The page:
While the exact nature of these representations remains unclear, there is growing evidence that they encode a great deal more phonetic detail than traditionally assumed and that the phonetic detail is linked with word-based information. This book investigates the ways in which a word’s phonetic realisation depends on a combination of its grammatical function and the speaker’s social group. This question is investigated within the context of the word like as it is produced and perceived by students at an all girls’ high school in New Zealand. The results are used to inform an exemplar-based model of speech production and perception in which the quality and frequency of linguistic and non-linguistic variants contribute to a speaker’s style.
The book is published by Language Science Press and is freely downloadable from: http://langsci-press.org/catalog/book/75
Drager, Katie (2015) Linguistic Variation, Identity Construction, and Cognition. Berlin: Language Science Press.
About the Author: Katie K. Drager is Associate Professor of Sociolinguistics at the University of Hawai‘i at Mānoa. Her research is located at the intersection of sociolinguistics and phonetics, combining qualitative and quantitative methodologies to examine the ways in which social factors influence the production and perception of linguistic variables, and vice versa. Her recent work has appeared in Language Variation and Change, Journal of Phonetics, and Language and Speech, and she is currently leading a project on the production and perception of linguistic variation in Hawai‘i.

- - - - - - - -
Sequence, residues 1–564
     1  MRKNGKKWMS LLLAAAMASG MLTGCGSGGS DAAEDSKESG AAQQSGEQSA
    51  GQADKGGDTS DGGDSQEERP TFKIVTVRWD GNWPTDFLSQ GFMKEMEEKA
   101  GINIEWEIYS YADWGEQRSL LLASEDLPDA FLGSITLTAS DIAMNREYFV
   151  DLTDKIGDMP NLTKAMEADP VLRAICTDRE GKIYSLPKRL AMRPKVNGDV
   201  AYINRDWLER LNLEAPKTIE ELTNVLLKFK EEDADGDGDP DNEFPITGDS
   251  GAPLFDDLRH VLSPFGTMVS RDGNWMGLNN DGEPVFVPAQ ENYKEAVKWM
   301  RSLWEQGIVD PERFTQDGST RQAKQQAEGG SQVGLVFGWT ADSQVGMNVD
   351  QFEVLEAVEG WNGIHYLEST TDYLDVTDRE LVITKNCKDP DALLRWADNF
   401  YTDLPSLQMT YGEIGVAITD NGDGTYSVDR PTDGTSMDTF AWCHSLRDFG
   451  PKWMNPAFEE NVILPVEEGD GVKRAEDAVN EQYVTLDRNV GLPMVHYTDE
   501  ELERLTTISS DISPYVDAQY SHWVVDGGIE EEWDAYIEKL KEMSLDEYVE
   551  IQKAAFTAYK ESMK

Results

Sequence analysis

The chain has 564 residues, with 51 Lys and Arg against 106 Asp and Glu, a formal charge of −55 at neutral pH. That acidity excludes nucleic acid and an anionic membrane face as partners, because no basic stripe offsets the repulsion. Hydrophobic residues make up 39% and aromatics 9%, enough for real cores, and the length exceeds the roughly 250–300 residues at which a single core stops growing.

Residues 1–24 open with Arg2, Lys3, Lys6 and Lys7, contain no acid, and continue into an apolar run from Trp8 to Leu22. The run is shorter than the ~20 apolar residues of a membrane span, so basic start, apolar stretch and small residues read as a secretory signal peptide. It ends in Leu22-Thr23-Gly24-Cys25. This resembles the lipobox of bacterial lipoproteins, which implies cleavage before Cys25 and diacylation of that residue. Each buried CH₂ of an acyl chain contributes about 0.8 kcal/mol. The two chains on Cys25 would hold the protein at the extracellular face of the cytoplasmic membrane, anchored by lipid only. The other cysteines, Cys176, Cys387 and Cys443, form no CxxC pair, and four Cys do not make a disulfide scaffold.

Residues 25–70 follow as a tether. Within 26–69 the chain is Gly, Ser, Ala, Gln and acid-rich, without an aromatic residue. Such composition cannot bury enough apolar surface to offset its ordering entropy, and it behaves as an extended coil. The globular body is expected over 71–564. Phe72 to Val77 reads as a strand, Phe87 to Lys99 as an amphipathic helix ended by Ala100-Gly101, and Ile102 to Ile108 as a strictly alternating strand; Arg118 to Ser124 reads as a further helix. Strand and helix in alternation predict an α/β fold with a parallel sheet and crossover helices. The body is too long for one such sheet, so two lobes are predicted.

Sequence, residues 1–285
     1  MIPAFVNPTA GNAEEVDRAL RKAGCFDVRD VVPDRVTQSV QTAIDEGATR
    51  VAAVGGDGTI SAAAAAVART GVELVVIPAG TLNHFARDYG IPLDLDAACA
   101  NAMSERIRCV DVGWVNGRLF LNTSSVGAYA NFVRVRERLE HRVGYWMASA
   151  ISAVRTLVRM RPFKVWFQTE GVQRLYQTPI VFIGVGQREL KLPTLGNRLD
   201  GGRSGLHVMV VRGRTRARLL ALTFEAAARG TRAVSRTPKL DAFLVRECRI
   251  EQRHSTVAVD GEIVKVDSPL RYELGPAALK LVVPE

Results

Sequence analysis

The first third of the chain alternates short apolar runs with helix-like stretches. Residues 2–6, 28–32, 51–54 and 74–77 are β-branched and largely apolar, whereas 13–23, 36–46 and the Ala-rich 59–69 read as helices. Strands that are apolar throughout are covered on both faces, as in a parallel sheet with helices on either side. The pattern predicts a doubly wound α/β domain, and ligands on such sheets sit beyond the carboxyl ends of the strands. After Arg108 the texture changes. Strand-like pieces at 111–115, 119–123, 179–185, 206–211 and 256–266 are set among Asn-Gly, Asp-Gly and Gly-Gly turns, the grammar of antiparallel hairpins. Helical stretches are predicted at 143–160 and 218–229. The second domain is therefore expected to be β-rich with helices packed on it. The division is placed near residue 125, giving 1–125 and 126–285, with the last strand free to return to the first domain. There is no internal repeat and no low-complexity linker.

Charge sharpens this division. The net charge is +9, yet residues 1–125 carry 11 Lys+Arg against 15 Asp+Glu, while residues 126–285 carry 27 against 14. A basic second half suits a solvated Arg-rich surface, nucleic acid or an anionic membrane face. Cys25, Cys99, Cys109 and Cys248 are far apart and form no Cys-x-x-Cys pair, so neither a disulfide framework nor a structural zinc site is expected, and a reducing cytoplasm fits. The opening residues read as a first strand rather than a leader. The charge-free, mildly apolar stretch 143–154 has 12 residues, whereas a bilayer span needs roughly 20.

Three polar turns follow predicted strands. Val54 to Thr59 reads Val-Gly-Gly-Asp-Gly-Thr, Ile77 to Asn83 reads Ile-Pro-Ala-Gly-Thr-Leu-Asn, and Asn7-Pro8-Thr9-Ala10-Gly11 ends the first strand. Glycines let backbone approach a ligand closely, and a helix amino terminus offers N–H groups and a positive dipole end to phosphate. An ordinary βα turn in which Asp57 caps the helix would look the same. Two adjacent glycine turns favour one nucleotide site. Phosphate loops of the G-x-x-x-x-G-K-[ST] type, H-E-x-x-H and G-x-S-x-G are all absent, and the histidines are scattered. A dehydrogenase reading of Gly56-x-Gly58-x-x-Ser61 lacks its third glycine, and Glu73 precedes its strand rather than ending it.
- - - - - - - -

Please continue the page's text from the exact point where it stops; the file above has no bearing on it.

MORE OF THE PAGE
Raina Heaton, PhD student in linguistics, has received word that her paper, “Variation and change: The case of movement verbs in Kaqchikel” has been accepted for publication in the July 2016 issue of the International Journal of American Linguistics (IJAL), one of discipline’s premier journals. Our congratulations to Raina.
Dr. Robert A. Blust has been recognized for his contributions to the field of linguistics by being appointed a Fellow of the Linguistic Society of America. In addition to conducting fieldwork on approximately a hundred languages, Bob has written seven books, edited four others, and published 176 articles. He is one of the world’s leading historical linguists and the foremost expert on the Austronesian language family, which includes almost 20% of the world’s 7000 languages.
Bob is the second member of our department to be honored as an LSA Fellow; Lyle Campbell received the same honor earlier this year.
Huiying Nala Lee has been awarded the National University of Singapore Overseas Postdoctoral Fellowship, and will be a postdoc at Stanford University for a year, starting Fall 2015
Kanjana Thepboriruk (PhD, 2015) will begin a tenure-track Assistant Professor position of Thai Language with the Department of Foreign Languages and Literatures at Northern Illinois University in DeKalb, IL in the Fall 2015. She looks forward to teaching all levels of Thai language and various South East Asian Studies and Thai Studies courses as well as working with the Thai Community in nearby Chicago to develop a heritage language curriculum for the community-based language schools. Kanjana is very proud to be joining over 50 years of excellence at the Center for South East Asian Studies and the fantastic Thai Language program at NIU.